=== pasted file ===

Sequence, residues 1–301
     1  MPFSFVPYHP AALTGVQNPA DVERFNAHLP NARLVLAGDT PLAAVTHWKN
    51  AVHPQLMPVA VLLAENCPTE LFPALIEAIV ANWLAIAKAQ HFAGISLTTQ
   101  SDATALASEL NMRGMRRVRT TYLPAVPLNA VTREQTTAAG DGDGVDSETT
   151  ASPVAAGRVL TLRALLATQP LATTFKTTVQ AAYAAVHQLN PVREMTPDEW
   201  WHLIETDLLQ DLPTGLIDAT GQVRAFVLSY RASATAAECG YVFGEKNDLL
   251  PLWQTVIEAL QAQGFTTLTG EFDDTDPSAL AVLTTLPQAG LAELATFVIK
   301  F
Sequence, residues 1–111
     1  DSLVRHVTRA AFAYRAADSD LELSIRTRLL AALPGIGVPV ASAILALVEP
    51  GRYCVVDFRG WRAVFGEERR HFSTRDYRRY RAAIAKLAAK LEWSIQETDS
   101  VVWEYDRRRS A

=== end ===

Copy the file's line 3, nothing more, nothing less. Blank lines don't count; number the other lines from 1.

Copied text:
    51  AVHPQLMPVA VLLAENCPTE LFPALIEAIV ANWLAIAKAQ HFAGISLTTQ